SaintPetersblog has learned that Democrat Edward James, III is in the early stages of a likely run for the state House in northern Sarasota-based House District 72.
“I’m exploring the idea right now,” said James on Friday. “Several people have reached out to me about running for that particular seat. I’m seriously considering it and consulting with trusted advisers and close friends as of this time.”
The 25-year-old James — who recently found electoral success as a consultant to the local municipal campaign of Shelli Freeland Eddie and as a field operative with U.S. Rep. Gwen Graham‘s 2014 run for Congress — was recently floated as a possible candidate on WSRQ’s The Nilon Report.
“The people involved in winning these elections could be the next candidates that Sarasotans vote for,” host Susan Nilon told her radio audience May 13, discussing a roster of young politicos that trebucheted both City Commissioner-elect Eddie and her counterpart Liz Alpert over the top last week.
Their winning campaigns combined to soon make the Sarasota City Commission all-Democratic for the first time in decades.
When asked about policies that would separate him from the incumbent Republican and longtime Sarasota pol state Rep. Ray Pilon, James was somewhat circumspect, saying that he is still gathering comment from advisers, voters and residents of the district to formulate his platform, and wished to avoid putting “the cart before the horse,” as it were.
Sounding a note familiar to those who followed the Graham campaign in Tallahassee-based Congressional District 2 last year, however, James attacked the Florida House’s GOP leadership for dangerous brinksmanship when it abruptly adjourned Sine Die three days before the end of regular session.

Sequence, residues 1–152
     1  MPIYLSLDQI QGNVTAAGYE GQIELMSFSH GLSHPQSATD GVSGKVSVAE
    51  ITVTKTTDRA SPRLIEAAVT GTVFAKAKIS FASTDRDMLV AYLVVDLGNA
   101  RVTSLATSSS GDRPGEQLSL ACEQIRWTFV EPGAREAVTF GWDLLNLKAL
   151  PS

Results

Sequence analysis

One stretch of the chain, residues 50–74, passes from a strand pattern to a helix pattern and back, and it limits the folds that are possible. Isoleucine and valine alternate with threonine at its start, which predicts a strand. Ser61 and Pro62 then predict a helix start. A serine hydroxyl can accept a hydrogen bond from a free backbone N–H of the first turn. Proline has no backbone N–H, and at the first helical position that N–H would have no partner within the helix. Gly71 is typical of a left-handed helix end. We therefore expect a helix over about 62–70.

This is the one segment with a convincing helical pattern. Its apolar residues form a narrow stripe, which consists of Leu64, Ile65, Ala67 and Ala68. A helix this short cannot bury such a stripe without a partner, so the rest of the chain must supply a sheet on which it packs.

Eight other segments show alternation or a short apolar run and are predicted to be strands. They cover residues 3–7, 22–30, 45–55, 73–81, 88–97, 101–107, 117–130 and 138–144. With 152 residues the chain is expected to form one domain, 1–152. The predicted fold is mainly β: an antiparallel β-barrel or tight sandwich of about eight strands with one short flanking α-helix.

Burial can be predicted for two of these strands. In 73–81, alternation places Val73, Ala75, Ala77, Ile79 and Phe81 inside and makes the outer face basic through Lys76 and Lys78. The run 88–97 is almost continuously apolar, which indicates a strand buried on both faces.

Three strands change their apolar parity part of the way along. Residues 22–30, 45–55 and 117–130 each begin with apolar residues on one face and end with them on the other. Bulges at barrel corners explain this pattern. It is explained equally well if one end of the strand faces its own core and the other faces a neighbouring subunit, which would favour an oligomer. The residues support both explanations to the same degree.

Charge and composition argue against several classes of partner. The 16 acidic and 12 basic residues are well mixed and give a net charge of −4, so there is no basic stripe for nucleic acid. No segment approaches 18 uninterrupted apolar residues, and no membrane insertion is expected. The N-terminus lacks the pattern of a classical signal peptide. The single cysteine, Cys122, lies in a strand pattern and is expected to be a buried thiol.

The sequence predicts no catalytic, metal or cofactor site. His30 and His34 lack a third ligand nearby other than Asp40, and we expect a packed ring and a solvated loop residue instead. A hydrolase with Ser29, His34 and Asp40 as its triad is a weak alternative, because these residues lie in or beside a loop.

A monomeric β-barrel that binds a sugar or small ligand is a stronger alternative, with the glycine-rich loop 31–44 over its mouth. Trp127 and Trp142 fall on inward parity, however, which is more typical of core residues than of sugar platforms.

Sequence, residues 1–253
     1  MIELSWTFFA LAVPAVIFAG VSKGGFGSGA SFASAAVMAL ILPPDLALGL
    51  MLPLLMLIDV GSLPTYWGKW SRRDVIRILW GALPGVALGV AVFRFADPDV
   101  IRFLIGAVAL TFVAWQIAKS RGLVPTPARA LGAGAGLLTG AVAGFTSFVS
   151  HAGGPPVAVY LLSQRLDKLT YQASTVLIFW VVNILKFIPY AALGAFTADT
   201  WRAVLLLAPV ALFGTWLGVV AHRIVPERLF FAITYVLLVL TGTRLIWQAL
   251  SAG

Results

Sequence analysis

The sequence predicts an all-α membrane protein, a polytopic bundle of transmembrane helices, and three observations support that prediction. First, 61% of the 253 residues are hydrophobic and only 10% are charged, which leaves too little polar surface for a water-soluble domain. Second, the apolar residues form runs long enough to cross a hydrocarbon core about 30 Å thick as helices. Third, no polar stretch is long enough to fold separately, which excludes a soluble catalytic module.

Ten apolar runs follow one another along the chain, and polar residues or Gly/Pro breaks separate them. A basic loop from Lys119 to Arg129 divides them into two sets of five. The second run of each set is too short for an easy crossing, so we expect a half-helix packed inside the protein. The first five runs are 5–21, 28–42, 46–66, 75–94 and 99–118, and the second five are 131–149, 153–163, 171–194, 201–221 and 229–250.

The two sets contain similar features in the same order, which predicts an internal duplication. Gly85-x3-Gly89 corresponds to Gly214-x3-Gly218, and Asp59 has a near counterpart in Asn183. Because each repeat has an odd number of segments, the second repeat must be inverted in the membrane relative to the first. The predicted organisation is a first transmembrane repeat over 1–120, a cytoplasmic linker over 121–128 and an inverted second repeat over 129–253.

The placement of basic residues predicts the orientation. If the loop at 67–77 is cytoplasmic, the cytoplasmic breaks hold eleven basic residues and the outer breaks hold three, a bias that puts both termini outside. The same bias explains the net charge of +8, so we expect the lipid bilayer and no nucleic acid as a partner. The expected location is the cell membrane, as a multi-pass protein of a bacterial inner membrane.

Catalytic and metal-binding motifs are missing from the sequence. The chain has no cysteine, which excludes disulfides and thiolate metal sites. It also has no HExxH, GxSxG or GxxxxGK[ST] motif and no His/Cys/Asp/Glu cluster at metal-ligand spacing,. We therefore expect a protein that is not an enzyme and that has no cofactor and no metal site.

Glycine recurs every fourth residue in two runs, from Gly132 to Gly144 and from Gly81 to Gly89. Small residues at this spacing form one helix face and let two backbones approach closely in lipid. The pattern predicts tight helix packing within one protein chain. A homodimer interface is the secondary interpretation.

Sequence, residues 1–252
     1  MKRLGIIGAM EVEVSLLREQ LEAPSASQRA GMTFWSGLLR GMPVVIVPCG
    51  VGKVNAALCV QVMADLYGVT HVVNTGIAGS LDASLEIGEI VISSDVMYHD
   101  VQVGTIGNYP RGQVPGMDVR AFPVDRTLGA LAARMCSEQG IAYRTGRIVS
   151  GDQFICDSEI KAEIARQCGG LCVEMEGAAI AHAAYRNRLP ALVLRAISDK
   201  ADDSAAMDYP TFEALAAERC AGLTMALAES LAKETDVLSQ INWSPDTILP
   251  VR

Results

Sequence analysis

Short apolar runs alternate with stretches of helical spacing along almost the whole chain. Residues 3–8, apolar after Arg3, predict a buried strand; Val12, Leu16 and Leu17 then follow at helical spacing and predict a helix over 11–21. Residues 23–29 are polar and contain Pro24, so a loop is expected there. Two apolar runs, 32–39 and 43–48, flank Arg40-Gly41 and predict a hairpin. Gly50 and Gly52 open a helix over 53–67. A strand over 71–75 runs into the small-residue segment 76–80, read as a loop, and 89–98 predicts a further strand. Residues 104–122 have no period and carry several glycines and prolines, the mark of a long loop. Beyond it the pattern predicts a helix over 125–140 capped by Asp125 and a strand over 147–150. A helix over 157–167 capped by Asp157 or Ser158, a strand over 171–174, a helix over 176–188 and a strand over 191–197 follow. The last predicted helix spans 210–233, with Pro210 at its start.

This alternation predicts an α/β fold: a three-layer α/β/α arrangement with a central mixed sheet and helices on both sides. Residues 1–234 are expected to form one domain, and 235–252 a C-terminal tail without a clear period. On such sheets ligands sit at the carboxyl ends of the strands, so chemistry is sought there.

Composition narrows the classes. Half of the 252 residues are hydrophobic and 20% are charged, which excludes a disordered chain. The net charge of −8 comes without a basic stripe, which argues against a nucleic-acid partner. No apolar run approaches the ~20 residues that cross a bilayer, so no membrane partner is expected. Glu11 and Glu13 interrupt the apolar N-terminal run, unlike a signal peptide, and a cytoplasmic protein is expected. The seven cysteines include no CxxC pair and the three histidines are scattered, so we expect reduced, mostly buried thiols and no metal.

“I think that shutting down our state government simply because of partisan squabbling is doing an absolute disservice to all Floridians,” James said Friday via telephone.
“It is incumbent upon anyone who believes they are a public servant to do what’s right, and doing what’s right for Floridians is passing a budget.”
Graham’s bipartisan “North Florida Way” campaign mythos stressed then-U.S. Rep. Steve Southerland‘s role in the ongoing gridlock in the U.S. House, dubbing him “Shutdown Steve” in its rhetoric.
James was able to be lured out of his pre-campaign cloister on one issue, though: the Senate’s proposal to expand some form of health care, a major sticking point between the two chambers.
“I agree with Medicaid expansion; that should be a no-brainer,” saying that leaving 800,000 Floridians without insurance was untenable.
A fourth-generation Floridian with roots in both Gadsden County in the eastern Panhandle and in his prospective Southwest Florida district, James plays down his past work in politics and says he is focusing more on the many public policy challenges facing state government.
“I have worked on campaigns before, but [in his graduate work at FSU] I’m really sort of getting into the weeds and the minutiae of what it takes to effectively be a change agent.”
James also worked as an analyst for the heavyweight Tallahassee influence firm Corcoran & Johnston during the 2015 regular session. He is the son of Dr. Ed James, a pillar of Sarasota’s Newtown district and host of the weekly ABC 7 public affairs program Black Almanac.